'Having It All'? How About: 'Doing The Best I Can'?

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I am a single father and a work-at-home dad. The duality of my life is always with me. It's my anchor -- in many senses of the word.

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Anne-Marie Slaughter's remarkable article Why Women Still Can't Have It All clearly has meant different things to different people since it was published and posted. To me, first, it is further evidence of what I have come to believe after 46 years on this planet: most women are not just smarter than most men but braver and more aspirational, too. There is the noble, ancient striving to "have it all." And then there is the earnest and thought-provoking debate, largely between and among women if I am not mistaken, over exactly what that phrase means and whether the quest to achieve it is even worth it.

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Men? Please. Such an earnest public conversation on this topic between and among men is impossible to imagine (no matter how hard The Atlantic tries). That's why so many of us diplomatically stayed on the sideline last week. And haven't men as a group largely given up hope of "having it all" anyway? Did we ever have such hope to begin with? I don't remember ever getting a memo on that. Without any statistics to back me up -- how typical of a man, right? -- I humbly suggest that a great many of us long ago decided in any event to focus upon lesser, more obtainable mottoes, like "doing the best I can" or "hanging in there," as we try to juggle work, family, and a life.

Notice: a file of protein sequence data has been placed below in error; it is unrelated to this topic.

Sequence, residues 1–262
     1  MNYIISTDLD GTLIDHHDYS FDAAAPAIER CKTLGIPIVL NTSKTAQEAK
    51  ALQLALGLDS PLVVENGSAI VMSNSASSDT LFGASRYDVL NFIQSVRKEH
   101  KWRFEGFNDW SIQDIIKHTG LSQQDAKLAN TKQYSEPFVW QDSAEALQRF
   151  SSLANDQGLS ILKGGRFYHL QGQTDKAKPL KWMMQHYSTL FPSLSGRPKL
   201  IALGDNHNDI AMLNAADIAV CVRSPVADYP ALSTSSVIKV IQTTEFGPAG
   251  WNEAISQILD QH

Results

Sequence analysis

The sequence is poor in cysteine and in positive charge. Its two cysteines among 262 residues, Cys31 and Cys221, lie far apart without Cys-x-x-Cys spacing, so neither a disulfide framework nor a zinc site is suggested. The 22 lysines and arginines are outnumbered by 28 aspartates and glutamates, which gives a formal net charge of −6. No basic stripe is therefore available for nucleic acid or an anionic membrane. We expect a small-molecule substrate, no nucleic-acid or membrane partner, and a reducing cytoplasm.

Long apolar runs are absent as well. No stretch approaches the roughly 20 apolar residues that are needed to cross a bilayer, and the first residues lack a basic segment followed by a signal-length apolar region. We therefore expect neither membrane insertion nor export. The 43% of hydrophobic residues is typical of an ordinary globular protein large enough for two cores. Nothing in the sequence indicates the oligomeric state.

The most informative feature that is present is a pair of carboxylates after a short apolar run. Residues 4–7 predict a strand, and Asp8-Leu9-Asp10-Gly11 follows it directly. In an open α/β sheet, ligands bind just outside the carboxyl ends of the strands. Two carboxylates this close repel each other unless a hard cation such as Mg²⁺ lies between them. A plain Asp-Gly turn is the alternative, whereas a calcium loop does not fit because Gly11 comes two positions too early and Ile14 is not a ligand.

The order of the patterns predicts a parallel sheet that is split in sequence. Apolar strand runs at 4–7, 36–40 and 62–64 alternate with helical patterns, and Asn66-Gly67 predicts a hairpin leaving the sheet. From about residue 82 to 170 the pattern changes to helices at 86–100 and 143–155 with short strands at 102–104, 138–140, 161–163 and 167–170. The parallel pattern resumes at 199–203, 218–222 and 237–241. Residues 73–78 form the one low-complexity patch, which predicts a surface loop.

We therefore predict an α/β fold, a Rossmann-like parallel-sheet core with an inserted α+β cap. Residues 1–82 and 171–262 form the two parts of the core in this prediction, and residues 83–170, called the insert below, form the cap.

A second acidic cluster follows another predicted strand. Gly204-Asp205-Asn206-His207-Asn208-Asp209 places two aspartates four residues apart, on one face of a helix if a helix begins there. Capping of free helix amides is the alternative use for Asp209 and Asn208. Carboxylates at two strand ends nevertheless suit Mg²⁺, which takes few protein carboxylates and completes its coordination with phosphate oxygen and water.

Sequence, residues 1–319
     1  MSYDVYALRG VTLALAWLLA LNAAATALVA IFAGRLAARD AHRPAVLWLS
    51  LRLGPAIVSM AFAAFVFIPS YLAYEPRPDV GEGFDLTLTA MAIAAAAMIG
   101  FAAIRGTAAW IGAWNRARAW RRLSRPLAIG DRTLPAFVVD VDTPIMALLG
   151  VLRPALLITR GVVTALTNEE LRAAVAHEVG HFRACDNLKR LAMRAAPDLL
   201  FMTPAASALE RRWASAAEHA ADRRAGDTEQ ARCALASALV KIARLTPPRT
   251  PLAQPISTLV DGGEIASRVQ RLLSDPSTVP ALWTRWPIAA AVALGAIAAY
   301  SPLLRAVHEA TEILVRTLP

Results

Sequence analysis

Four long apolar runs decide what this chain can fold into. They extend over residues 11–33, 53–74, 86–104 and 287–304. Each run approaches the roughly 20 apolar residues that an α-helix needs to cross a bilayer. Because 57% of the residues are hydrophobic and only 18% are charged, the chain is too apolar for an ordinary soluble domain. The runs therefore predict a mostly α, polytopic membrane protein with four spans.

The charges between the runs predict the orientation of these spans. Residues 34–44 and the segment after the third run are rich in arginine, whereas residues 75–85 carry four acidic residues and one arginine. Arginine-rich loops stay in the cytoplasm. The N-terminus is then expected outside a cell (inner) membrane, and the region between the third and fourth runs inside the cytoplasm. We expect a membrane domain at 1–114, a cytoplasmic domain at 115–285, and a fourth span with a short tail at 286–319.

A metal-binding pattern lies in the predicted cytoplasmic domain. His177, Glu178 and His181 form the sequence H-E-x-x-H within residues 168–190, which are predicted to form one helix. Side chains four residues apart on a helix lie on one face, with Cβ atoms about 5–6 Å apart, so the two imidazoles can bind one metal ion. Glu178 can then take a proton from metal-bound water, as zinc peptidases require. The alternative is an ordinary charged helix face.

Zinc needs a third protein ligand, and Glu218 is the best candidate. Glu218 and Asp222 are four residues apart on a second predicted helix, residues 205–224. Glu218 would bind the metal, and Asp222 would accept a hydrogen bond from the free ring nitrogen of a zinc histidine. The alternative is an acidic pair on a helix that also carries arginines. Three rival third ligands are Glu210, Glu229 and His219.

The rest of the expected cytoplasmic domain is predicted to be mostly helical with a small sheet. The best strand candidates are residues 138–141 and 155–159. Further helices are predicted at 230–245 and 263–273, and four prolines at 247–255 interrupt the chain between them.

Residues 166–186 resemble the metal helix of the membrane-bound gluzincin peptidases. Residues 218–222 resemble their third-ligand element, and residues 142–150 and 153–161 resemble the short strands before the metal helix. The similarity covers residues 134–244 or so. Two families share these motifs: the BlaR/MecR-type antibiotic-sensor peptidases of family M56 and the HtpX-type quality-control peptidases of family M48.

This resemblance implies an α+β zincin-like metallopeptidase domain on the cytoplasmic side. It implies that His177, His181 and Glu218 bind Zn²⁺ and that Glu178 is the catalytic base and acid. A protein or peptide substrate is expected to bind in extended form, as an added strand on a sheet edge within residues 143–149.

The genius of Slaughter's piece wasn't necessarily her analysis, her conclusions, or her suggestions for societal change. It was also that she was bold enough to aspire to publicly ponder the question again in the first place. The conversation she started last week -- the one that is still taking place today -- is welcome for many reasons. For example, it reminds cynics and pessimists like me that there are still millions of bright people out there who have the time, energy and eloquence to appreciate and explain their pursuit of a lifestyle that is rich, rewarding and successful in all of its many facets.

I have little standing to assess Slaughter's article on its merits -- few men do -- except to say it's my general belief that no one should be so quick to judge the way anyone else balances the priorities in their life. That said, I don't know any men who "have it all," or who say that they do, or who complain that they don't. I know men who are happy in their marriage and unhappy in their work. I know men who are happy in their work but unhappy in their marriage. I know men who are happy but stressed. I know men who work too hard and those who don't work hard enough. And I know many men who don't give a shit about any of this.

When I go out with the boys, and we rarely go out anymore anyway, we talk about the specific work problems we are facing at that moment. We talk about how we can better parent our kids. We talk about women. We talk about sports. We talk about everything, really, except about whether we've "have it all" or want to have it all or think anyone else can have it all. That's not surprising, is it? My dad never talked about "having it all." Having enough was his goal. He had neither the eloquence nor the self-awareness to spend time on anything other than trying to provide for his loved ones.